1. brucejscott

    brucejscott Active Member

    Joined:
    May 8, 2011
    Messages:
    1,208
    Likes Received:
    0
    Trophy Points:
    36
    Occupation:
    Plumber
    Location:
    Williamsport, Pa
    I am about ready to pull out what remains of my rapidly thinning hair. I have recently started using Reeves oil paints for fine detail work. I can mix any color I want and in tiny quantities. I use turpenoid for thinning and it seems to work ok. The problem is that sometimes the paint dries in an hour, sometimes it is days. What am I doing wrong and how can I get this stuff to dry faster?!
     
  2. jjp_nl

    jjp_nl Member

    Joined:
    Apr 13, 2011
    Messages:
    845
    Likes Received:
    2
    Trophy Points:
    18
    Oil paints take (at room temperature) a long time to really fully dry and cure. If you insist on doing it quick...I've seen a few people who build a kind of drying cabin where they can raise the temperature and then let their model dry in there for a few hours. You mentioned 'what remains of my rapidly thinning hair', so I'm unsure if you have one around...but a hair-dryer (set on low speed not to overdo it on the temps) works as well to speed up the drying process. But you'll still be underway for a few hours is my guess.
     
  3. Wurger

    Wurger Siggy Master
    Staff Member Administrator

    Joined:
    Jun 19, 2005
    Messages:
    47,677
    Likes Received:
    1,500
    Trophy Points:
    113
    Occupation:
    A retired military Navigator/ATC, FIS controller
    Location:
    Poland
    I wouldn't suggest using of any kind of a heat sources to get the temperature up. It might damage model details or cause bending of main parts. Also the features of styrene can change what might cause its crumbliness , especially for the future.
    I think there is no way for getting the time of drying shorter and it is better to let it dry at room temperature. It is possible to add a little bit more of a thinner to these oil paints what should make its drying quicker.Also the process of the piaint applying should be done in a room with a very good rotation of the air.
     
  4. brucejscott

    brucejscott Active Member

    Joined:
    May 8, 2011
    Messages:
    1,208
    Likes Received:
    0
    Trophy Points:
    36
    Occupation:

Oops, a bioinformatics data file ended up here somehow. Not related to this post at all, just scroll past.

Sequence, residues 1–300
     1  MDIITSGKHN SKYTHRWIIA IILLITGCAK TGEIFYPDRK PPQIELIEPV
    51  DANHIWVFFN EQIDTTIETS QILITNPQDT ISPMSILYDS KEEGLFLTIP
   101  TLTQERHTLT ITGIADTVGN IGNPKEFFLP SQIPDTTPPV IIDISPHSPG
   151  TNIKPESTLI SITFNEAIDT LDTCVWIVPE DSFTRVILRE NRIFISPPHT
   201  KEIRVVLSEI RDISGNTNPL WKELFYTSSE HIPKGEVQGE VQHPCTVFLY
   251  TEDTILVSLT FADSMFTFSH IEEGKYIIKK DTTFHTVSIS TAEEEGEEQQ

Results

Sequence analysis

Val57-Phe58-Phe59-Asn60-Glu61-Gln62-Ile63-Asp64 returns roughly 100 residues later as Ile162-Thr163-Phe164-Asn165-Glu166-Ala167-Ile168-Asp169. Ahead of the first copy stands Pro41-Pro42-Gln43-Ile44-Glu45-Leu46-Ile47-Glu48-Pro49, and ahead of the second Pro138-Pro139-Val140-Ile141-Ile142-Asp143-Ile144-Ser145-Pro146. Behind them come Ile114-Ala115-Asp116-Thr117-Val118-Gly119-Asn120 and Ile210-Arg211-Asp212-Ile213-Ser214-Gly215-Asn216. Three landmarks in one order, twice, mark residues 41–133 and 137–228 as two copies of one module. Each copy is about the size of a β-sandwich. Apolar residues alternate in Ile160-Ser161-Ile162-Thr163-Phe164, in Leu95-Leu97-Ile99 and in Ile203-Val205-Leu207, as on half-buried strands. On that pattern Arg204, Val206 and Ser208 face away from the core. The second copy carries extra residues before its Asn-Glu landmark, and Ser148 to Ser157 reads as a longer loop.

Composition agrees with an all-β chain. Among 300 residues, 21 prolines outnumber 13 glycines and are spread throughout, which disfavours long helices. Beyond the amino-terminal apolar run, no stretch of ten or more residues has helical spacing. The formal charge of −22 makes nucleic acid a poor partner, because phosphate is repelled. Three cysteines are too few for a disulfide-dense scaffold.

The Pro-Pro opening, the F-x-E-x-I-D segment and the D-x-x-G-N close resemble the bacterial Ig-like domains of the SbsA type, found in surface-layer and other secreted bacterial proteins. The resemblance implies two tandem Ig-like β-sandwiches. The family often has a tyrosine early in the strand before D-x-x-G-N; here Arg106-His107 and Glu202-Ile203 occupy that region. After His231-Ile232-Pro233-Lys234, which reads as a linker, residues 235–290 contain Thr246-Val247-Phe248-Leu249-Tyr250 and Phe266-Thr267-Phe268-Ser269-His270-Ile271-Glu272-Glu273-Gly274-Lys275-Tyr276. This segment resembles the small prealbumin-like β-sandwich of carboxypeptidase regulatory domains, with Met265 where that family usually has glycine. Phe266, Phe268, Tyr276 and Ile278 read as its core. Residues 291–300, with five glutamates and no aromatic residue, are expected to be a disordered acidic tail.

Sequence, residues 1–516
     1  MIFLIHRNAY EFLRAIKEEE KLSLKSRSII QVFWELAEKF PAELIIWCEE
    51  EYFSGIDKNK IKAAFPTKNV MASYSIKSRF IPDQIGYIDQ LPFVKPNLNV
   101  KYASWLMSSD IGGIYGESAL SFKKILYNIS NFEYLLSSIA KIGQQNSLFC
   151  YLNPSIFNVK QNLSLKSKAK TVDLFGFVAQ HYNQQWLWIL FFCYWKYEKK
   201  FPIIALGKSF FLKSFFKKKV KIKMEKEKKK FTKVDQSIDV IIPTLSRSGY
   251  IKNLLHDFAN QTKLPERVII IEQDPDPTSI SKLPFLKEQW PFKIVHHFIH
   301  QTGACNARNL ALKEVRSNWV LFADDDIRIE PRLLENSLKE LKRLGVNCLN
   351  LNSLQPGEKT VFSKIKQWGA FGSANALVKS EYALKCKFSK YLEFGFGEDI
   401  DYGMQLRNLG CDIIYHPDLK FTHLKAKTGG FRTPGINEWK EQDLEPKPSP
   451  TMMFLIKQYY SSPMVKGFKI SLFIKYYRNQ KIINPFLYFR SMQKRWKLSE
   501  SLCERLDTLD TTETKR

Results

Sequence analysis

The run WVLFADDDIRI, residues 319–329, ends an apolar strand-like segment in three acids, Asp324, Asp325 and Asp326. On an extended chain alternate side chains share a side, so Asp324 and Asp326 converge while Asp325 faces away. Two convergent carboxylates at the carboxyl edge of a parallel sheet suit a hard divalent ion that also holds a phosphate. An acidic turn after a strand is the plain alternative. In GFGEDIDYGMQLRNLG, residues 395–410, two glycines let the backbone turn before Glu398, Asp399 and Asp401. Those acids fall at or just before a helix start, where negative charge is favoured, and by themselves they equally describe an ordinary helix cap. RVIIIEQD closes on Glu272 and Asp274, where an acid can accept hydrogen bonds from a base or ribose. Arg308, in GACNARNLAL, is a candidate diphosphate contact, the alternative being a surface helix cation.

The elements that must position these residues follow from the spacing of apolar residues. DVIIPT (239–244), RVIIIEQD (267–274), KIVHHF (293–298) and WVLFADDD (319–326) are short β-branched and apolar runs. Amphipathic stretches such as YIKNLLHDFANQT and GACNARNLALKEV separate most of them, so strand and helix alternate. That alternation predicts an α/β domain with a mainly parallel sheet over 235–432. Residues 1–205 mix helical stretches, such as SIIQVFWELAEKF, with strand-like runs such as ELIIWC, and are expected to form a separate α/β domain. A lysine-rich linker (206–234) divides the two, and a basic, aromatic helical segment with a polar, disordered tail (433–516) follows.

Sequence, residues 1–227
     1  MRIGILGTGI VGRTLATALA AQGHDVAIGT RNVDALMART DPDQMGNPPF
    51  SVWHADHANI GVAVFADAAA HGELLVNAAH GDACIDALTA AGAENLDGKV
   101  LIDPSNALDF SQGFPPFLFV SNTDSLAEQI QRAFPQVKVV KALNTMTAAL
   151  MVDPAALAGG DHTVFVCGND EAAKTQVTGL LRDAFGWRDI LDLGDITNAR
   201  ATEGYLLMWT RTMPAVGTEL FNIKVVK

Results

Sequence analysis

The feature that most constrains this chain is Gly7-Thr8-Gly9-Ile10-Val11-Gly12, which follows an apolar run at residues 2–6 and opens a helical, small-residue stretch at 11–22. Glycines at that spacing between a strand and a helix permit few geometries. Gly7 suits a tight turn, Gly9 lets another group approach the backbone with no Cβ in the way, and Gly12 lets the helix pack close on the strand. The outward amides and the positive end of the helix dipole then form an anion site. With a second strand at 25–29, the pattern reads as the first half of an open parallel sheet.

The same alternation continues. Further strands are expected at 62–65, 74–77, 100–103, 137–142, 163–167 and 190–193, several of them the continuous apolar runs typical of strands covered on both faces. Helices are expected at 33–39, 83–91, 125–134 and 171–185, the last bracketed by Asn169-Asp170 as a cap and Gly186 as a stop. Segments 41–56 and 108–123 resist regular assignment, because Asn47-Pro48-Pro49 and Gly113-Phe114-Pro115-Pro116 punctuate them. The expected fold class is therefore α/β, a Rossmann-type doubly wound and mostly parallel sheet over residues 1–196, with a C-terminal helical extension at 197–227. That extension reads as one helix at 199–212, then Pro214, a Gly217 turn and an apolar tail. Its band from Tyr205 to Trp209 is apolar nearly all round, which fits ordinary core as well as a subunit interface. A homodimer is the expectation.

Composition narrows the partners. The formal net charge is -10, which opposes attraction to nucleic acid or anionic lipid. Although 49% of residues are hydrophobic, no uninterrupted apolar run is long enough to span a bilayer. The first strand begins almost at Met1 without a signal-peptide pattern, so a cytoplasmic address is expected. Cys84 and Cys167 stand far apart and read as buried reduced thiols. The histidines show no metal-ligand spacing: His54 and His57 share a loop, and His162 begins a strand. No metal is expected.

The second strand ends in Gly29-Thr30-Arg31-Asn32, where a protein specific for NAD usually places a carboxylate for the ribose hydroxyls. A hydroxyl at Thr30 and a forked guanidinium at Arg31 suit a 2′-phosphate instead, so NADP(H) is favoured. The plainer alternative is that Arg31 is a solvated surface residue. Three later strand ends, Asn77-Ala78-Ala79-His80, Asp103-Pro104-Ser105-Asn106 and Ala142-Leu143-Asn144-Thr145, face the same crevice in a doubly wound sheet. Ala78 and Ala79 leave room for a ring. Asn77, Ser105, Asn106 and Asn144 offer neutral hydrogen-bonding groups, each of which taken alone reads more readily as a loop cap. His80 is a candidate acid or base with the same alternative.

Plumber
    Location:
    Williamsport, Pa
    Do you think setting it in front of the exhaust of the dehumidifier in my basement would help?
     
  5. A4K

    A4K Well-Known Member

    Joined:
    Dec 17, 2007
    Messages:
    12,162
    Likes Received:
    123
    Trophy Points:
    63
    Location:
    The back of beyond
    Wojtek (Wurger) will know better, but I would advise against trying to speed up the drying time too much, may effect the quality of the finish.
     
  6. jjp_nl

    jjp_nl Member

    Joined:
    Apr 13, 2011
    Messages:
    845
    Likes Received:
    2
    Trophy Points:
    18
    It takes a lot of heat for parts to actually start deforming. I've done it countless times (not to try and speed up drying time as I too just let it sit and dry at room-temperature for a few day, but rather to eliminate warped wings and the like), and it took boiling water for parts to actually start getting soft so 30-40 degress celsius is well withing acceptable range.

    Using a little white spirit (a damp brush that is and not soaking in it) also speeds up initial drying but it still takes a couple of days to fully dry and cure
     
  7. brucejscott

    brucejscott Active Member

    Joined:
    May 8, 2011
    Messages:
    1,208
    Likes Received:
    0
    Trophy Points:
    36
    Occupation:
    Plumber
    Location:
    Williamsport, Pa
    I guess I am going to have to accept the fact that it will just take longer to dry and plan accordingly. Oils are just to nice to give up. Thanks for the help guys.
     
  8. jjp_nl

    jjp_nl Member

    Joined:
    Apr 13, 2011
    Messages:
    845
    Likes Received:
    2
    Trophy Points:
    18
    I think you're right.....but I'm sure you won't regret it. I've started to work with these oil paints as well as of late and their versatility is amazing. With the results being what counts a few extra days of drying time is something I'm more then willing to put up with
     
Loading...

Share This Page